What the death of broadband privacy rules means

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The resolution overrides a rule that had been proposed by President Barack Obama that would have required providers to get your permission to share browsing habits and other personal information. On Tuesday, the House passed the Senate resolution, which President Donald Trump is expected to sign. "CFA says the vote in Congress repeals broadband privacy rules, allowing internet service providers to spy on their customers and sell their data without consent and is a" bad setback for the American public".

Unsurprisingly, numerous lawmakers who voted in favor of the bill have received campaign donations from companies or employees of companies that stand to benefit from it ― corporations such as AT&T, Verizon and Comcast. The Republicans voted to allow internet service providers to sell your most intimate, most intimate personal information without your knowledge or your consent.

The telecommunications and cable companies that operate the nation's biggest internet service providers - ISPs like Comcast, AT&T, Verizon, Charter, etc. - are free to collect your internet browsing history and sell it to commercial clients.

FCC chairman Ajit Pai praised the decision of Congress to overturn "privacy regulations created to benefit one group of favoured companies over another group of disfavoured companies".

Speaking to a cyber-security expert, the publication reports that selling the user data that ISPs mine would be tricky since these companies usually have their own privacy policies that could prevent them from doing so.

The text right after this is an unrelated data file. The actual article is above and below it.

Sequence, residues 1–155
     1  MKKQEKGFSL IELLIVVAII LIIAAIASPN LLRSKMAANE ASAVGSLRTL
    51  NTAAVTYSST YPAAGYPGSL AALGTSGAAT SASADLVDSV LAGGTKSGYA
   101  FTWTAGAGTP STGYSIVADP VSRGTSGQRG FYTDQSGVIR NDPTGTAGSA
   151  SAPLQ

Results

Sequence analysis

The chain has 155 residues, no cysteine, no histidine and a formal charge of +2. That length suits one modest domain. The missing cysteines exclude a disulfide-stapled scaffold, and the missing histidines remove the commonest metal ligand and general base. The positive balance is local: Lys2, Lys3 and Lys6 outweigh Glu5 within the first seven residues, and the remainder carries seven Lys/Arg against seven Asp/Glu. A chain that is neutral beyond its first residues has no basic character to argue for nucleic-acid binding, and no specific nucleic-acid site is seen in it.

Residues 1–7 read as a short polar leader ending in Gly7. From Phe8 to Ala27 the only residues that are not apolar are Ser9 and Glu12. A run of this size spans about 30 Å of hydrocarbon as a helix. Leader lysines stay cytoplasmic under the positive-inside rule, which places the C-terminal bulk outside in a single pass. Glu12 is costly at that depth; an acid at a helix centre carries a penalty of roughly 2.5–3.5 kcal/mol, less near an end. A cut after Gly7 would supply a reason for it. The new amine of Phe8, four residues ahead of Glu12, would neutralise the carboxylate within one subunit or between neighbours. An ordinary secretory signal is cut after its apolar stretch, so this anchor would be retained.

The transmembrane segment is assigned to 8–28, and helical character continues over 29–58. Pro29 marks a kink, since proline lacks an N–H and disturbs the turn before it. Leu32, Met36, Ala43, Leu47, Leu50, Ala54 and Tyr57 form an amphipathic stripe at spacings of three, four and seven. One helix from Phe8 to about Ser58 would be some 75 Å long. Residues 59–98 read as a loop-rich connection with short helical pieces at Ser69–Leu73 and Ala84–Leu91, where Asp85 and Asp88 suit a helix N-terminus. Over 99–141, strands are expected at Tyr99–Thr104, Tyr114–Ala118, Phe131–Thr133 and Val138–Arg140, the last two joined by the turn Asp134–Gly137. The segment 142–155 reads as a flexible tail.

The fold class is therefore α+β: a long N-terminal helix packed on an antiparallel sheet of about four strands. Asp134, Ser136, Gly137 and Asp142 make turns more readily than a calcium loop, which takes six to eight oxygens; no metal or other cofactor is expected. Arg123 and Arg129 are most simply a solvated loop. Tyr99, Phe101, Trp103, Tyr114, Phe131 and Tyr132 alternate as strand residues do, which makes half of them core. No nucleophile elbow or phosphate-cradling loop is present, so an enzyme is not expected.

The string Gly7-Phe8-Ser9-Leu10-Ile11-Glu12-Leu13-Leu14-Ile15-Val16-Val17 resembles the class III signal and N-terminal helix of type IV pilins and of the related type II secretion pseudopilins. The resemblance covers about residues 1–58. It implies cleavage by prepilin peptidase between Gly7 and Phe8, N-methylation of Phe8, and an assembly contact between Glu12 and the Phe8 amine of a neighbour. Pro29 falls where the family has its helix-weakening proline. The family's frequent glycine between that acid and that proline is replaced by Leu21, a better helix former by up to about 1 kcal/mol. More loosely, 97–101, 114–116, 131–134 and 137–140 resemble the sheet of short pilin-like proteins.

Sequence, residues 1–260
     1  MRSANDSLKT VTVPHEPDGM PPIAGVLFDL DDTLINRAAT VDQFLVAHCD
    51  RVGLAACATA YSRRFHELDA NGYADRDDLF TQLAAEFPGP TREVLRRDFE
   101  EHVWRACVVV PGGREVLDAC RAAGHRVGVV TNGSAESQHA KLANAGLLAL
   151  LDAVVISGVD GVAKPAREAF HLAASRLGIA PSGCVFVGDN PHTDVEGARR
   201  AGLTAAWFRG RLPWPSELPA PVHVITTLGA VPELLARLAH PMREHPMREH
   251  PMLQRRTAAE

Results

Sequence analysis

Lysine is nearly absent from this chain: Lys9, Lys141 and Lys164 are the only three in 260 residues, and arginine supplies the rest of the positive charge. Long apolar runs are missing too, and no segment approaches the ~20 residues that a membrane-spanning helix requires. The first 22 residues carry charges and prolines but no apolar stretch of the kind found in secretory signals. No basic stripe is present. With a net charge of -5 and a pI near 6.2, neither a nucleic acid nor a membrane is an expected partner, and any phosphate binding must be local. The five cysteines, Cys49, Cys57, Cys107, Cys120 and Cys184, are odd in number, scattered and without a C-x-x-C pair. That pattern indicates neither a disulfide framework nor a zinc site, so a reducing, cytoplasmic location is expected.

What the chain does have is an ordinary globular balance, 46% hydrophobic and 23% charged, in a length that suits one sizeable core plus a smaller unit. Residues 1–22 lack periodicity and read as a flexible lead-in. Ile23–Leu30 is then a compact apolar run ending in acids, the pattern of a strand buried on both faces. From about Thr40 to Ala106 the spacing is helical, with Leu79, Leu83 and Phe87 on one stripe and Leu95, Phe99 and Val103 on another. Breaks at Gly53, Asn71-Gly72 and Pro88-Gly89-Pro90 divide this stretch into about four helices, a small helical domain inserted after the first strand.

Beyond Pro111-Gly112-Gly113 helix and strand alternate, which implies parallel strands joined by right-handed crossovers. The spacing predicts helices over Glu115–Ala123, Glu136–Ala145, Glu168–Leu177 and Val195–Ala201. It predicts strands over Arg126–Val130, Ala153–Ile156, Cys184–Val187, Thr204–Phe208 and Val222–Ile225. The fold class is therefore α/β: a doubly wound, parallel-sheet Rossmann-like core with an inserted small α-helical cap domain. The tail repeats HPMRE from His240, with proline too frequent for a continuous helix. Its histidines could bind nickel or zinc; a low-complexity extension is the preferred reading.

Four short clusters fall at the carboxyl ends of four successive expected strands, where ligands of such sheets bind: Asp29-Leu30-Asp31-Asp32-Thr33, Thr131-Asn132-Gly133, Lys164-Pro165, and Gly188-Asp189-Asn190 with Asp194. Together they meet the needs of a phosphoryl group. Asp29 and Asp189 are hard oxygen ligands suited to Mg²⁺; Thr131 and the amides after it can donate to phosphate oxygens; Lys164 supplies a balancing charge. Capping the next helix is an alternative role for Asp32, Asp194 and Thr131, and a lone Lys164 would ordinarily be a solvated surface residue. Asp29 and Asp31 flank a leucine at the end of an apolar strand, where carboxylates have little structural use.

Swire said, "In a lot of neighborhoods there's only one ISP - Internet Service Provider - and so when there's no choice, there's no way for the consumer to vote with his or her feet".

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The federal regulatory body's newly appointed chairman Ajit Pai, an Indian American, welcomed the vote and promised to work with another federal regulatory body to protect consumers' online privacy.

"The difference is, you can choose not to use Google", said Michael Johnson, with the Technology Leadership Institute at the U of M.

That would include your browser history, data from your apps, and geo-location. ISPs have protested that the FCC regulation would have put them at a disadvantage compared to Google and Facebook, as both follow the less-stringent privacy rules of the Federal Trade Commission (FTC).

Web surfers willing to pony up a few extra bucks for privacy can also purchase a VPN, or virtual private network, which encrypts traffic so browsing history can't be traced.

Public interest groups have pledged to fight any effort to repeal the current rules, whether from the FCC or in Congress. Groups like Fight for the Future have vowed to place billboards in districts of congressional representatives who voted to scuttle the privacy rules, and on Wednesday Stephen Colbert talked about the legislation on his late-night show.

Republicans repeatedly discounted the privacy benefits generated by the rule.

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